Nature: Black Mamba
Airs Wednesday, June 26, 2013 at 8 p.m. & Sunday, June 30 at 2 p.m. on KPBS TV
Originally published November 4, 2009 at 2:04 p.m., updated June 25, 2013 at 3:14 p.m.
In "Black Mamba," NATURE reveals one of Africa’s most dangerous and feared snakes, known for being aggressive when disturbed. Rearing up with its head four feet above the ground, it strikes with deadly precision, delivering venom that is packed with three different kinds of toxins 10 times more deadly than needed to kill an adult human. Without treatment, the mortality rate is 100 percent.
The Snake Charmers
View photos of Thea Litschka-Koen and her husband, Clifton, as they try to save lives and change attitudes about the black mamba, Africa’s deadliest snake.
Until now, little has been known about the black mamba’s natural behavior in the wild because, in Africa, most people kill a black mamba on sight and feel lucky to have done so.
But in the tiny country of Swaziland in southern Africa, a team of snake handlers has an entirely different “take” on these creatures and hopes their six-week study will change public perception of what they feel is the world’s most misunderstood snake.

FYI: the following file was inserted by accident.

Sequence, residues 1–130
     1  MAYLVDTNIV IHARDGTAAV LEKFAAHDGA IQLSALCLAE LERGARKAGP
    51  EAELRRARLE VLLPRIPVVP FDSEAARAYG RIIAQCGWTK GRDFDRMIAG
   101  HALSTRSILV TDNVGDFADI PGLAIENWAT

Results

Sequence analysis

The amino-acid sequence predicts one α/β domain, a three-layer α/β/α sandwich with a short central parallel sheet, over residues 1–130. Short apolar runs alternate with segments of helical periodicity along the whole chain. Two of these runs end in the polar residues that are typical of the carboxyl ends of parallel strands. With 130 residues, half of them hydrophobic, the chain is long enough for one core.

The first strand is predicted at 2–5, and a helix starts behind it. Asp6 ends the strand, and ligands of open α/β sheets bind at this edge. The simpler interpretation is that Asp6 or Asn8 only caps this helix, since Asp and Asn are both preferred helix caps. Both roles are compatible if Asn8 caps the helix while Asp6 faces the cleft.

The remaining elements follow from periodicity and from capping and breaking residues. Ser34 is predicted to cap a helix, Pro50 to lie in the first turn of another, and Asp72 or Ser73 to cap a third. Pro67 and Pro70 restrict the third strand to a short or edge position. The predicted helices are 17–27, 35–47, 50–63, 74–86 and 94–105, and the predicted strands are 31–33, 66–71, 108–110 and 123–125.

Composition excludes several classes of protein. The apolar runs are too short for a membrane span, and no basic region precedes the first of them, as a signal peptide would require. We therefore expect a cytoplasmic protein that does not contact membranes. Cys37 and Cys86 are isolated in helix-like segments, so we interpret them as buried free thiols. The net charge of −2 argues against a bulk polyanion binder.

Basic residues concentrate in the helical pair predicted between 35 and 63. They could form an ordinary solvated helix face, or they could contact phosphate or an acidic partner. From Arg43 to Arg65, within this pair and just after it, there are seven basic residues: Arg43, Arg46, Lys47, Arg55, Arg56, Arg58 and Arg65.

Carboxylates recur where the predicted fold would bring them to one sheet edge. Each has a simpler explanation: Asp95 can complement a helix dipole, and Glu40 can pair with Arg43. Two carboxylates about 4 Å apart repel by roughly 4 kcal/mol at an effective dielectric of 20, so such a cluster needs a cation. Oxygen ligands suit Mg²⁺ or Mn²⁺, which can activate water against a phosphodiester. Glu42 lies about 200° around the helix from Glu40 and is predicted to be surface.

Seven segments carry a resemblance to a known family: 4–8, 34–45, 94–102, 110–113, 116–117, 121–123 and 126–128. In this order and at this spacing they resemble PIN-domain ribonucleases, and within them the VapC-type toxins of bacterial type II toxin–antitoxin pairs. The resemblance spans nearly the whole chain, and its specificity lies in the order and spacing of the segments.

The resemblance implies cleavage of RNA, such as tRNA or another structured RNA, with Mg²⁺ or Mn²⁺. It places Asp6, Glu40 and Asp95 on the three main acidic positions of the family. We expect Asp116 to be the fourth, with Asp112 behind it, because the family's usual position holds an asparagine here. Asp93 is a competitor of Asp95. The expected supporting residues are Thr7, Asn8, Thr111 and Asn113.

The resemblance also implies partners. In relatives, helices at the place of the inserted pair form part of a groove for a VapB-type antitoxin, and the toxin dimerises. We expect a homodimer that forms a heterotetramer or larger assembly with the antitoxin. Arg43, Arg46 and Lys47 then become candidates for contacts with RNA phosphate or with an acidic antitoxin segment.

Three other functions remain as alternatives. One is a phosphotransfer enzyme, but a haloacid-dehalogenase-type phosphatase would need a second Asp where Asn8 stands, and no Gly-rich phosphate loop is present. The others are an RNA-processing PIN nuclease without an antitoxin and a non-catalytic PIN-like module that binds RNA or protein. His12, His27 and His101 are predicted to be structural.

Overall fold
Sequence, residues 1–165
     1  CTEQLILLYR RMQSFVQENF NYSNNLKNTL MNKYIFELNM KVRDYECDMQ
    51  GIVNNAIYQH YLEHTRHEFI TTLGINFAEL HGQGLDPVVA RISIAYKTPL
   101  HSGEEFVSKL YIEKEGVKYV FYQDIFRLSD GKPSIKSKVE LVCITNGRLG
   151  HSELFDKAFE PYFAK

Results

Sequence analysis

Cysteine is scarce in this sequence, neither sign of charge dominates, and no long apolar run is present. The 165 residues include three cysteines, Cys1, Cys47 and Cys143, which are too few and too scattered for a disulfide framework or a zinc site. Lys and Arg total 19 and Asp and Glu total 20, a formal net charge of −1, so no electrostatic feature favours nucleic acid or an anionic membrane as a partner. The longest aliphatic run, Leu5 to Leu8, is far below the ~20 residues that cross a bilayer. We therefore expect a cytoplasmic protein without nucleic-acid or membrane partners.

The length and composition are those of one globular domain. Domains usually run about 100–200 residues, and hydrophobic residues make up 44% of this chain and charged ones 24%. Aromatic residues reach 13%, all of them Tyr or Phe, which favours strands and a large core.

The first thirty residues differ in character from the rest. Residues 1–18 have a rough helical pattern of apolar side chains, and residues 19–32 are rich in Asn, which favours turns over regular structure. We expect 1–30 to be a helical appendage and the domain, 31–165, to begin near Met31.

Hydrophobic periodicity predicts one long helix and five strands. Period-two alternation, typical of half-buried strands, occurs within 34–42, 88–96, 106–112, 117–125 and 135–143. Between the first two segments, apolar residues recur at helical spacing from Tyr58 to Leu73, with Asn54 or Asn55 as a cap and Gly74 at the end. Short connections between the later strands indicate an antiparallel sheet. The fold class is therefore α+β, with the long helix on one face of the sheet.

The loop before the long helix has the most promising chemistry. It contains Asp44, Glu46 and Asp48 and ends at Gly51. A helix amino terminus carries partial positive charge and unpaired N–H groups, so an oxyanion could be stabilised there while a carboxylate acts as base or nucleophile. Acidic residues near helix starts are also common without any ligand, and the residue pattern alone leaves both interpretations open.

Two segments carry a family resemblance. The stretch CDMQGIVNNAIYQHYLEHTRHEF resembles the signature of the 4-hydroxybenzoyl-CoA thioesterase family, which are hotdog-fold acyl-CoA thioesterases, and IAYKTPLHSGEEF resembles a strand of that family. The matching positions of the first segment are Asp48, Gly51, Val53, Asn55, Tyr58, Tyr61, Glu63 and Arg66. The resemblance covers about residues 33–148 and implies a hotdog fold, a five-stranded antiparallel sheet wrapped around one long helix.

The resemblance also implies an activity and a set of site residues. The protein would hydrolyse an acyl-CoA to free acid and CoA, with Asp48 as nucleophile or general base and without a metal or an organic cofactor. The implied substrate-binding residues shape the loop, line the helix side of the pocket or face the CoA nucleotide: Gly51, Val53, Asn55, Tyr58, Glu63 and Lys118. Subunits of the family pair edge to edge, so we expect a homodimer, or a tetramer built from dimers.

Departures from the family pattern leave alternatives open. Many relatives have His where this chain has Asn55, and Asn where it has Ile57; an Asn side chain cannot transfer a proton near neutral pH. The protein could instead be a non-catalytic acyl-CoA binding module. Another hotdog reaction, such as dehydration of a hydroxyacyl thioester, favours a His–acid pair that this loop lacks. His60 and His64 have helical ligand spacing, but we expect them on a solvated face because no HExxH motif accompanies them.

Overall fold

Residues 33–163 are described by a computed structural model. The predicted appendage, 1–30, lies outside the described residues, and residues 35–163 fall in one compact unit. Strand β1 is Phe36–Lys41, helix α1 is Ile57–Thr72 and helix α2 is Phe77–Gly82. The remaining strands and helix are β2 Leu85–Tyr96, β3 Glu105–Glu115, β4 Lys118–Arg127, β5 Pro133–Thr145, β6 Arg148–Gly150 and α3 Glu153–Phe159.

Swaziland resident Clifton Litschka-Koen doesn’t really care for snakes, but his wife, Thea, is crazy about them. With her husband’s sometimes reluctant help, she has endeavored to change attitudes about black mambas and other snakes found in the area.
In addition to starting the nation’s only reptile park, devoted to educating the public and providing a refuge for the animals, the two have become the region’s go-to experts for safe, humane snake removal from homes, schools, resorts and workplaces.
In the course of catching and relocating any number of snakes per day, Thea and Clifton give impromptu lessons about the snakes, covering fact and fiction, and do their best to prevent any unnecessary casualties – human or reptile.
In addition to their other efforts, Thea and Clifton developed a program designed to track black mambas in the wild for the first time and to gain new insights into their behavior.
With the help of a snake expert from Johannesburg, they were able to surgically insert radio transmitters in a number of captured black mambas, allowing them to follow the snakes after their release.
If their research pays off, they may be able to show that their relocations are working, successfully removing snakes from residential areas for the long term, and thereby bringing some relief to the locals and some respite for the snakes.
This film premiered November 8, 2009.